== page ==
5 Cautious Tax Tips for Small Businesses

With 2016 quickly coming to an end, it’s quite common for small businesses to review their tax and financial documents around this time of year. Many of you may have to file with the IRS as early as January, so it’s best to get ready at least before the holiday break.

While preparing for the upcoming tax season, there’s unlimited amount of tax advice for small businesses you can find on the Internet - some great, others not so much. To avoid the risk of IRS fines or penalties, here are five “tax tips” you should think twice before using.

1. Maximize Deductions with Business Spending
As the end of the year approaches, you might be enticed to crank up your spending habits to drive deduction claims and decrease your tax bill. Before going all out, think about the long-term effects of these additional expenses. Buying new equipment or an advertising initiative will cut down tax liabilities, but if those costs hinder your company from paying bills the next month, you’re taking more of a financial loss than gain.

2. Claim Car, Meals, and Home Office Expenses
It’s perfectly reasonable for you to claim travel expenses, meal costs, and a home office as a business expense; however, the caution lies within claiming expenses that are unqualified. The IRS states you can only deduct vehicle costs for business use.

You can claim up to 50% of meals and entertainment costs for business purposes and claim costs for maintaining a room in your house dedicated specifically to conduct business. The point here is that personal spending is prohibited - these are costs charged to your company. And be prepared to provide evidence with receipts, the business purpose of each cost, and who might have been with you when making the purchase.

3. File All Employees as Independent Contractors
Rumor is that reporting employees as independent contractors saves money on payroll taxes. While this may or may not be true, facts show that it leads to penalty fees and interest charges as well. The IRS clearly states which of your workers are considered regular employees and which are independent contractors. Once the IRS finds out, you could end up paying a lot more than what you were trying to save.

4. Avoid Claiming Deductions At All
There is such a thing as being overly cautious, and in this case, it could prevent tax claims that you’re entitled to have. Fears of possible audits shouldn’t deter you from claiming legitimate deductions. You can always seek assistance from a tax professional or CPA about which claims you’re eligible to file.

5. Wait Until Tax Season to Worry About Taxes
If you follow this “advice,” you probably wouldn’t be reading this blog at all. We understand that the daily operations of running a business take hard work and lots of time, but federal taxes are also an important aspect of owning a small business. Tax preparation is never a one-time event. Successful, less-stressed business owners know to plan throughout the year to have a smooth tax season. At the very least, consider outsourcing to a tax firm if necessary.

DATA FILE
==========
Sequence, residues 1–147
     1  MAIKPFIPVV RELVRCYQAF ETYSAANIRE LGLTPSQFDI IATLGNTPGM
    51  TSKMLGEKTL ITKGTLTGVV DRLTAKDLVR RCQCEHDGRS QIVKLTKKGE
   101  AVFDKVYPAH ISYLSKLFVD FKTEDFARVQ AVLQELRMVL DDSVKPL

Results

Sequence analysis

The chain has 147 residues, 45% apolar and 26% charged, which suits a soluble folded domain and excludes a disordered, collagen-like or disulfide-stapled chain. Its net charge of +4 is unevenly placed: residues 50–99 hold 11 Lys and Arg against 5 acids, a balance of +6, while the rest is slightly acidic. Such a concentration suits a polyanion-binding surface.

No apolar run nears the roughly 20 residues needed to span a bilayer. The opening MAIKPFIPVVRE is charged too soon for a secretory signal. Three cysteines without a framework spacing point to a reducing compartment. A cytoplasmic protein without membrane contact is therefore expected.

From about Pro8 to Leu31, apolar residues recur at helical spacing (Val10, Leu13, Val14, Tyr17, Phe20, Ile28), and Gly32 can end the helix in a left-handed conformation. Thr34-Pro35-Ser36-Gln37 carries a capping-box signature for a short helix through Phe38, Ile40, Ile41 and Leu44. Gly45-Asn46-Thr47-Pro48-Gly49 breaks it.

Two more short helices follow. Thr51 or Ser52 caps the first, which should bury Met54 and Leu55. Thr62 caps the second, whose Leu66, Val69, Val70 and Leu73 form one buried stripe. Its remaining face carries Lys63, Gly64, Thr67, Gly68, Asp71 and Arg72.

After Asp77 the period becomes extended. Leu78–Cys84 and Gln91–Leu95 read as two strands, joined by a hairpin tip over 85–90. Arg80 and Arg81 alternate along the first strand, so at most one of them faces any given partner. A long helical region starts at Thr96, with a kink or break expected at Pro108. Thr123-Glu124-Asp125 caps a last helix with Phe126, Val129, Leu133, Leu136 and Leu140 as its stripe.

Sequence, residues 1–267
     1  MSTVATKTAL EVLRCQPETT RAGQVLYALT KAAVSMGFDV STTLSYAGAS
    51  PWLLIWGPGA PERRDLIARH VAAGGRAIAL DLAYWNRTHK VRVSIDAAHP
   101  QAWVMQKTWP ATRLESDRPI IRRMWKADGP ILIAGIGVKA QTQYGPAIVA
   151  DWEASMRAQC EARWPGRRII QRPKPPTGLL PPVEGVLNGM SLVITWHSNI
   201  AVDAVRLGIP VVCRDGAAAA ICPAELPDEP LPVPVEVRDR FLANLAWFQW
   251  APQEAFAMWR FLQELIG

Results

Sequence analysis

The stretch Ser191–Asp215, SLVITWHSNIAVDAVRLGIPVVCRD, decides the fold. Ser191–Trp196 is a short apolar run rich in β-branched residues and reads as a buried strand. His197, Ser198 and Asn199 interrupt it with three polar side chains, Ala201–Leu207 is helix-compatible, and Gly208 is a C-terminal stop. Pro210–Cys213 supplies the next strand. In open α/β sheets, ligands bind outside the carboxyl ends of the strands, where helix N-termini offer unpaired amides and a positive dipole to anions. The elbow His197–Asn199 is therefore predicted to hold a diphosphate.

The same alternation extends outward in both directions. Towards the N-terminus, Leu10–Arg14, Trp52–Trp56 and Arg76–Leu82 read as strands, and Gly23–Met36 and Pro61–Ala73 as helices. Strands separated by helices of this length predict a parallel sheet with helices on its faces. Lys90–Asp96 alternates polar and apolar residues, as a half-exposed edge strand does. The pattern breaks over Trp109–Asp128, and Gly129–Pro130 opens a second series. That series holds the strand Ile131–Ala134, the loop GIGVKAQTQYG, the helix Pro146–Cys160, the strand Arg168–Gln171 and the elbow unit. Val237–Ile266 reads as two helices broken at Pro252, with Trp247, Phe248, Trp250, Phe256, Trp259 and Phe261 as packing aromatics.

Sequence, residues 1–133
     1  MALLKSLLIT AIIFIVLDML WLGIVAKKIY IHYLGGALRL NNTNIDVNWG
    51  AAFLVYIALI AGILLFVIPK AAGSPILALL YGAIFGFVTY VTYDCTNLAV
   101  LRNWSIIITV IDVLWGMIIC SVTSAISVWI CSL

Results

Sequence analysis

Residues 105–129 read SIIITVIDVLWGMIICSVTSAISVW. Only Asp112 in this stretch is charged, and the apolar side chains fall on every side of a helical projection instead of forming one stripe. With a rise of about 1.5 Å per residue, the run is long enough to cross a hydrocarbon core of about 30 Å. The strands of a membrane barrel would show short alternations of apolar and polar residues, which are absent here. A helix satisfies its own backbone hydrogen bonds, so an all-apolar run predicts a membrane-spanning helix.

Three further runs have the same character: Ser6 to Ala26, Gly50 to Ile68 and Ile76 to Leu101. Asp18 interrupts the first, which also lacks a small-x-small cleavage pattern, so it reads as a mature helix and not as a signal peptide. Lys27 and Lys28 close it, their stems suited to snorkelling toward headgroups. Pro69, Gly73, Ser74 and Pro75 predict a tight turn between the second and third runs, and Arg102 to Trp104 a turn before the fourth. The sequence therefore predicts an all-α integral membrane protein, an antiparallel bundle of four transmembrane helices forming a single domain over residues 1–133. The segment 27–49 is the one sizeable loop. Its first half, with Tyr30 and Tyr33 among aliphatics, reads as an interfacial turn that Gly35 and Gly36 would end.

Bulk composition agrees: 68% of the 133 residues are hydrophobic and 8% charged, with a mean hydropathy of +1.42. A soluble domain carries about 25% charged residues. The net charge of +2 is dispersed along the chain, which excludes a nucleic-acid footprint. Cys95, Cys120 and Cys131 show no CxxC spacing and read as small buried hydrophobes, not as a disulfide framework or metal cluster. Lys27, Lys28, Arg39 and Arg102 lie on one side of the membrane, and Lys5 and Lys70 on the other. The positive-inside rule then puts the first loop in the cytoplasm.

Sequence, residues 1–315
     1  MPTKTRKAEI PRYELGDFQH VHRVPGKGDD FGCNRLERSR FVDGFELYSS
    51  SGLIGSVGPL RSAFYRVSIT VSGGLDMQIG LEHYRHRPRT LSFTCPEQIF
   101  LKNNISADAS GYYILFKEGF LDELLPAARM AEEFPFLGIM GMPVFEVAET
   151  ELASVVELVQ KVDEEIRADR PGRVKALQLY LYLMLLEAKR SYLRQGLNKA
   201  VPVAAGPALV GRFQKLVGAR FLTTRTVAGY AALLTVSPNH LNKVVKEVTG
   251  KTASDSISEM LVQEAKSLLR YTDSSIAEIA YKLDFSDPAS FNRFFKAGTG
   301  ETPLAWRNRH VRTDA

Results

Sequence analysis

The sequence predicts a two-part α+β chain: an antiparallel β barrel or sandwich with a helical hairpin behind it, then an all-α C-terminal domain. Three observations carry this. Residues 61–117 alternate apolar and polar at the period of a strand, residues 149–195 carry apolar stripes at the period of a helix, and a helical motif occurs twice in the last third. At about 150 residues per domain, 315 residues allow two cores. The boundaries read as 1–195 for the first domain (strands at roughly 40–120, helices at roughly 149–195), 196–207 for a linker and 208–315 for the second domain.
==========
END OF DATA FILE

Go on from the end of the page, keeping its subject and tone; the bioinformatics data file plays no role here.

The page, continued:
If you need more time to file for your small business, e-file IRS Form 4868 with - you can get approved quickly and easily for a 6-month extension to file income taxes; larger companies are eligible to submit an IRS Form 7004 tax extension. You won’t even need to step away from your operations - download our FREE Express 4868 or 7004 mobile app and conveniently e-file anywhere using your iOS or Android device.

Call our U.S. - based support team for questions or help with your e-filing experience at 803.514.5155, Monday through Friday from 9 a.m. to 6 p.m. EST - send us a request via email with

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Adjusting Payroll Withholdings

We’re nearly two weeks away from the end of the year - just two weeks! Honestly, where does the time go? Tax season typically begins again at the start of the new year, but you still have time right now to make changes regarding your tax situation.

If you received either a large tax bill or a substantial tax refund this past year, that means one of two things: you either didn’t have enough taxes taken out of your paycheck, or you had too much come from your pay. The good news is you can adjust these amounts.

Change Your Withholdings
The IRS has no limits on how often you change your withholdings; however, your employer or payroll office may impose restrictions - you should check to be sure. And be well-informed of the long-term effects of the changes you’re willing to make.

While overpaying the IRS isn’t a drastic nuisance, it does allow the government interest-free access to your money which you could probably have used at that time. Conversely, paying the IRS too little can lead to all sorts of trouble like an under-withholding penalty and interest added to your tax bill - consult with a tax professional about your options.